Romney Care, cont'd
I'm a few days late -- at least in Internet time -- in responding to Michael Cannon's post on the Massachusetts health-care system, so apologies for that. Let's start with an important technical question: I said that "the [cost] increase in Massachusetts has been 21 percent, while the increase in the rest of the country has been 21 percent," and Cannon says the "premiums rose faster [in Massachusetts] post-RomneyCare than anywhere else; 21-46 percent faster than the national average." So who's right?
I think I am (though I would think that, wouldn't I?). Cannon doesn't mention this, but the data he's using comes from the Commonwealth Fund, and it covers 2003 to 2008. The problem is that Romney Care was signed into law in 2006. What you'd really want is data covering 2007 to 2009. Luckily, we have some.
First, look at the official Massachusetts data on the cost of the median employer's family policy (slide 24, and pdf). Between 2003 and 2005, costs rise by 16 percent. Between 2005 and 2007, it's 14 percent. Between 2007 and 2009 -- the Romney Care years -- the growth is 10.1 percent. So there's a clear slowdown. And don't forget that a lot of people got covered and the plan remained very popular.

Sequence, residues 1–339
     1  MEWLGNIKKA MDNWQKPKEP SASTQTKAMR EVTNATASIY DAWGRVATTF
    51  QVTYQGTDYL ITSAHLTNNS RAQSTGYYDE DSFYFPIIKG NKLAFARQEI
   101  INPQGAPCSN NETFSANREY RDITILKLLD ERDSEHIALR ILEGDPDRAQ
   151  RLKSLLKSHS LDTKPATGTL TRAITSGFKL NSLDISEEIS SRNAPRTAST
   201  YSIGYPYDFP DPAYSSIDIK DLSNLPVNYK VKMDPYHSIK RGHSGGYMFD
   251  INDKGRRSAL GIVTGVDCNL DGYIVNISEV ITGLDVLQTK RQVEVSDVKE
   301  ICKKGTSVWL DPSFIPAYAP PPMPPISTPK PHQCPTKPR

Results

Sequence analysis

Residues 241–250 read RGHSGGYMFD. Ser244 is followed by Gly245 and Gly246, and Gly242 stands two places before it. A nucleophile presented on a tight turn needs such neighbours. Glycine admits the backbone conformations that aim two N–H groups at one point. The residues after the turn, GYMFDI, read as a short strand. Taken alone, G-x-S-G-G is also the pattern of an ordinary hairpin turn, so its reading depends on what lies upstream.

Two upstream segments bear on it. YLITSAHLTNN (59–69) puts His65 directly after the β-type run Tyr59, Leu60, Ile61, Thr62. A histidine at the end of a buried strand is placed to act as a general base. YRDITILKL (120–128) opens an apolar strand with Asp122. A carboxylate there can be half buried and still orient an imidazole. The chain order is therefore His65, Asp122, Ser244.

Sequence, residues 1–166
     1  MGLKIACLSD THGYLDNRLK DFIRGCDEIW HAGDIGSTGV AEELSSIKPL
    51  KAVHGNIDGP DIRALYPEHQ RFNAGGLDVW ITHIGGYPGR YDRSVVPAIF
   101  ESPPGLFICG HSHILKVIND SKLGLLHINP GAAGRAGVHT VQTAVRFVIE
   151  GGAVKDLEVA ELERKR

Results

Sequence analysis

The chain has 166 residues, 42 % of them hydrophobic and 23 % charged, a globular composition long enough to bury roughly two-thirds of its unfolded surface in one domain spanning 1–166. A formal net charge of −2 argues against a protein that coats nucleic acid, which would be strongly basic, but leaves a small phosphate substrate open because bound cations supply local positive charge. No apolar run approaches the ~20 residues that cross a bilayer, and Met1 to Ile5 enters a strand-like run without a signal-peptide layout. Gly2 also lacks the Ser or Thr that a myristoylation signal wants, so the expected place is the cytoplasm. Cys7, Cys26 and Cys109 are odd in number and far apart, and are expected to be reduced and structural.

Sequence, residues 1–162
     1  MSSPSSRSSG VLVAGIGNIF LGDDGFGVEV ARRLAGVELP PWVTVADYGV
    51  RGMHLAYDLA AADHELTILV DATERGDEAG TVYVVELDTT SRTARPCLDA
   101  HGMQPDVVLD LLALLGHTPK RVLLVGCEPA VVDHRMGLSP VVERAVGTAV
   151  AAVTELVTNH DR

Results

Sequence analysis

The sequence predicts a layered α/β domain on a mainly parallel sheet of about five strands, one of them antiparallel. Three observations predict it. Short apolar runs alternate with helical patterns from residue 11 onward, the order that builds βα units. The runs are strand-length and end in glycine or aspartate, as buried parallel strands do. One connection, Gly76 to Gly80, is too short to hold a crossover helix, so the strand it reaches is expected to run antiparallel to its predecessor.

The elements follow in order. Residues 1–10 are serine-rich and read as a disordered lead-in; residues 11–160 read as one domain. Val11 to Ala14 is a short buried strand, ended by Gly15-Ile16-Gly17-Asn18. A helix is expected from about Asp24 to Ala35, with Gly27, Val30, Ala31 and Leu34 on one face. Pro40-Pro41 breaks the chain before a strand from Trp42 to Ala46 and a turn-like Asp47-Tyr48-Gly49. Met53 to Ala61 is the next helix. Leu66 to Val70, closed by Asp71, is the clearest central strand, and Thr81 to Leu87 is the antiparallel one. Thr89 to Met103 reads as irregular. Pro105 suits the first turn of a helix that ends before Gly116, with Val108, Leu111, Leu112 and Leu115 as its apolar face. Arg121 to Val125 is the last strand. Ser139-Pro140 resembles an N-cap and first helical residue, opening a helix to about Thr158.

To compare it with the national situation, we can look at the Kaiser Family Foundation's survey of mean -- not median, so these aren't directly comparable -- employer premiums. Check page 32 for the data. Growth rate from 2007 to 2009? About 10.4 percent. The mean-to-median thing makes the two less than comparable, but it certainly looks like the introduction of Romney Care marked a cost slowdown in Massachusetts and potentially slower growth than in the rest of the nation.
Now, on to other matters. Cannon criticizes me for saying that the Massachusetts plan was never built to control costs by noting that Mitt Romney said otherwise. Luckily, I'm not bound by Romney's political rhetoric and can just look at the policy instead. And the plan just doesn't have serious cost controls in it. If Romney exaggerated the virtues of his plan, well, that's his problem, not mine.
This has gone on long enough, so let me just respond to Cannon's overarching conceptual point. He's making an argument about the cost of different health-care plans underneath the headline "RomneyCare Advocates: We Swear, This Time Centralized Planning Will Work." But even a cursory read of the evidence would show that whatever the drawbacks of central planning, it covers people at an extremely low cost.
Romney Care's cost problem is a result of pasting a coverage-oriented quick fix atop our insane health-care system. Compare its costs to the British system, the French system, the German system, or any other system, and whatever your conclusions, you won't walk away unimpressed by the ability of centralized systems to cover whole populations for much less money than we spend.
Photo credit: By Robert Giroux/Getty Images
July 26, 2010; 5:20 PM ET
Categories: Health Reform
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